The University of Kansas’ Cheer Team has been placed on probation for a year because of at least one incident of hazing and action that harmed people, the university has confirmed.
Reportedly, the incident involved female cheerleaders being asked questions and then being told to remove an article of clothing when they answered incorrectly, according to a report in the Kansas State University student newspaper, which was based upon two anonymous sources who were on the team.
The anonymous sources said the incident ultimately ended up with cheerleaders being nude or partially nude and that at least some of the cheerleaders were seen by males who were in the house where the incident allegedly took place.
The Journal-World was not able to independently verify the accusations, which have since become the subject of national media coverage from The New York Post, Deadspin, Yahoo Sports and other outlets. However, the Journal-World did ask a spokesman for Kansas Athletics whether the department had any information that would lead it to believe any of the alleged incidents actually occurred.
Jim Marchiony, an associate athletics director for KU, confirmed an incident had occurred with the cheer team, but said there was very little the department could say about the incident because of privacy concerns.
“Once an incident with our cheer squad (not dancers) was reported, protocols to notify the university were followed immediately,” Marchiony said via email, clarifying that the allegations involve only the cheer team and not the dance team that is also part of the department’s Spirit Squad. “In addition to the steps taken by the University, Kansas Athletics imposed restrictions, additional education and punishment. No form of hazing is acceptable, and we believe this has been dealt with appropriately.”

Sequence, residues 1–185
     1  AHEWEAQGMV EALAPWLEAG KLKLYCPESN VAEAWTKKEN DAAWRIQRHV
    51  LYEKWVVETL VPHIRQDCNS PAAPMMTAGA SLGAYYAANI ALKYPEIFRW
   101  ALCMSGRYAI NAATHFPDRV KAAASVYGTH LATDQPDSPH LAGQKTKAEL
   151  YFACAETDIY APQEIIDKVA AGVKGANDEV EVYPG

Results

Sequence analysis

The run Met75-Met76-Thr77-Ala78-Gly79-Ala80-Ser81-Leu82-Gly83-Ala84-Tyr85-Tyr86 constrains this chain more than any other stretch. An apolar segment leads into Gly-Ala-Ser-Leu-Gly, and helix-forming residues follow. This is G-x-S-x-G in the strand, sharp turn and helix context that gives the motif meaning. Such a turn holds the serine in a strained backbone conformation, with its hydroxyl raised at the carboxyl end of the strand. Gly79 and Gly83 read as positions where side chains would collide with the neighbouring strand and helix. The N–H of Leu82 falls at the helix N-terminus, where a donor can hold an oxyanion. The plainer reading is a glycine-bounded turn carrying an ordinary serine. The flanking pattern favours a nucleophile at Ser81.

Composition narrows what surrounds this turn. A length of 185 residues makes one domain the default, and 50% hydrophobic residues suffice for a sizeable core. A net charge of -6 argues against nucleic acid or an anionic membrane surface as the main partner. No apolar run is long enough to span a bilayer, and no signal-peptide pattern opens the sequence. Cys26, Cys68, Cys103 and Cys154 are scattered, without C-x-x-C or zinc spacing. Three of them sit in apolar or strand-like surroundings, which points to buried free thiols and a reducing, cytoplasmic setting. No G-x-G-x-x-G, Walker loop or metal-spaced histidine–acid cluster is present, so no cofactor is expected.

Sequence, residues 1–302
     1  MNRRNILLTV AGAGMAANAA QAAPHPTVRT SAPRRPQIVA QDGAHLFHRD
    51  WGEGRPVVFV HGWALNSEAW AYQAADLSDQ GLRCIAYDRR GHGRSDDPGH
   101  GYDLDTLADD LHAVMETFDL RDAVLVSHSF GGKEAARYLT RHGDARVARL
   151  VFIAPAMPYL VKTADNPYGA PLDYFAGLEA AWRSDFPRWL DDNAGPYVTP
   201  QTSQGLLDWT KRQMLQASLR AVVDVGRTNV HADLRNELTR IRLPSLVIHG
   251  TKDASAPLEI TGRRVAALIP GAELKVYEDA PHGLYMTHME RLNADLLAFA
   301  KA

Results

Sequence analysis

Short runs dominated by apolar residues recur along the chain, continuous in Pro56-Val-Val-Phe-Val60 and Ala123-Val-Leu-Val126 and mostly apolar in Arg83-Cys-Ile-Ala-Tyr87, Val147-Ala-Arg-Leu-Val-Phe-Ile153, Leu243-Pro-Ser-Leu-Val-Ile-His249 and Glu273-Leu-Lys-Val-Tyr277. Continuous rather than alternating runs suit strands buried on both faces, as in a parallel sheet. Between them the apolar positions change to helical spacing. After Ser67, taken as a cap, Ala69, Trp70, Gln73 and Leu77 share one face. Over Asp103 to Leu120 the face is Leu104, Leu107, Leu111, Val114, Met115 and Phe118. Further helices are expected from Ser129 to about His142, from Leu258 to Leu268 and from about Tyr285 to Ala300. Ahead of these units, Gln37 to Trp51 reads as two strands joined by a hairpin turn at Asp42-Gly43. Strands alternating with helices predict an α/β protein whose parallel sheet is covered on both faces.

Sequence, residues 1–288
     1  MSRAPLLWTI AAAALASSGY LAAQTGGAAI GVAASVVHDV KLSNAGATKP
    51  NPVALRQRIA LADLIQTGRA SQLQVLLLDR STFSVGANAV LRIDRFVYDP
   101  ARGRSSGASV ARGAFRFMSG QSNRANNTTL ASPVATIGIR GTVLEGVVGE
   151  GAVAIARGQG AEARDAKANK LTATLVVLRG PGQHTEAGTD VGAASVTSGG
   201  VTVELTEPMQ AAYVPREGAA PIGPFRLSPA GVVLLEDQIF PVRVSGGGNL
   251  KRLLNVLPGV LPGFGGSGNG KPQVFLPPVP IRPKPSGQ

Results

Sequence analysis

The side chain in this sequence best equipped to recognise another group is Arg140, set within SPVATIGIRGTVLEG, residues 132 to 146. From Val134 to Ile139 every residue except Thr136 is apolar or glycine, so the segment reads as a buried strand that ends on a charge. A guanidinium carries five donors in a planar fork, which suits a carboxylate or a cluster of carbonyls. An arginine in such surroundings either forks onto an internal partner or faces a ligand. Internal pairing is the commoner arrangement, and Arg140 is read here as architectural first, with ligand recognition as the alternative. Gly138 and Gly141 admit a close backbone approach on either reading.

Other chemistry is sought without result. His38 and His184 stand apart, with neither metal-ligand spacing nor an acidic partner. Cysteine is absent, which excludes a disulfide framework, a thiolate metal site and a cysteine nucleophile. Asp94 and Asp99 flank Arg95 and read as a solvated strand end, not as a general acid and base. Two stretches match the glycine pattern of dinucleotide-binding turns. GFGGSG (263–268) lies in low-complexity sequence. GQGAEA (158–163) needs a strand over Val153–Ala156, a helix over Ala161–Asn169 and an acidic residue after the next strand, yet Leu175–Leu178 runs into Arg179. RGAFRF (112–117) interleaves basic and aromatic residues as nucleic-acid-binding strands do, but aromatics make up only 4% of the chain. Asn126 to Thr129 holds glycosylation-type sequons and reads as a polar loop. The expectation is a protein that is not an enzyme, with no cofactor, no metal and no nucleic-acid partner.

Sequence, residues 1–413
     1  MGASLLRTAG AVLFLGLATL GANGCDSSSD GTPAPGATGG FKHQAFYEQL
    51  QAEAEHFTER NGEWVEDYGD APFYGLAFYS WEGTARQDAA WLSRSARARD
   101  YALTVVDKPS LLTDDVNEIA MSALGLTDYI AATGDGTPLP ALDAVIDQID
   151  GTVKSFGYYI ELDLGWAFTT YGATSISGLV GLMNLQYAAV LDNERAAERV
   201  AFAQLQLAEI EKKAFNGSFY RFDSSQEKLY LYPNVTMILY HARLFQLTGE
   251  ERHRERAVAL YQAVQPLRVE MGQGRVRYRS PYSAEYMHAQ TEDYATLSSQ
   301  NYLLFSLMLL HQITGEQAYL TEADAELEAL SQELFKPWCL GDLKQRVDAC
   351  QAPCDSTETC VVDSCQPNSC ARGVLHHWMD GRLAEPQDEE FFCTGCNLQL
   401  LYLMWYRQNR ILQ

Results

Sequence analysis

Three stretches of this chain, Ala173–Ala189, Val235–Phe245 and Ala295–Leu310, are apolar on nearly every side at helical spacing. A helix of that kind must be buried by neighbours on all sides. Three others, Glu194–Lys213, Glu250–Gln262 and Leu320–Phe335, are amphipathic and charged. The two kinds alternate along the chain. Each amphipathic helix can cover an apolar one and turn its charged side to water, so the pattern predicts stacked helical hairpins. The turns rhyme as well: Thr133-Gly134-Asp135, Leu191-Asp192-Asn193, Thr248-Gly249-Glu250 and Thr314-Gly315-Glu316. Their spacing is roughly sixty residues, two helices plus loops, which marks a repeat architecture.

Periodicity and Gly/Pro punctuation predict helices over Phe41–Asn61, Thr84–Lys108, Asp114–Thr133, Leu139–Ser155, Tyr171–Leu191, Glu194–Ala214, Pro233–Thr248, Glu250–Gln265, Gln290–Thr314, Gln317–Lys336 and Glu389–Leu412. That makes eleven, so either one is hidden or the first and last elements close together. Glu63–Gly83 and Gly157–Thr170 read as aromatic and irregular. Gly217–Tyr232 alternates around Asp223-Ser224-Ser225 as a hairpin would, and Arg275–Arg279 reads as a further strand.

The university’s latest Organizational Conduct Status Report does list that the KU Cheer Team was put on probation on Sept. 21, 2017 and that it will remain on probation until Sept. 26, 2018. The document lists three violations of the University’s Code of Student Rights and Responsibilities: organizational responsibility; harm to persons; and hazing.
The article in The Collegian at Kansas State alleges the incident took place on July 25, 2017. It alleges that six first-year students of the team were victims of the hazing. Two sources came forward to speak for the article, but did so only on the condition of anonymity out of fear of repercussions, the newspaper reported.
The article describes the alleged hazing as part of an initiation led by other members of the team. The article reports that the two women who came forward were dissatisfied with how coaches of the KU Cheer Team handled the incident once they were made aware of it.
Marchiony, in his emailed response, did not answer a question from the Journal-World about whether any coaches had been disciplined as a result of the incident. Marchiony also did not answer a question about whether any team members had been dismissed from the squad.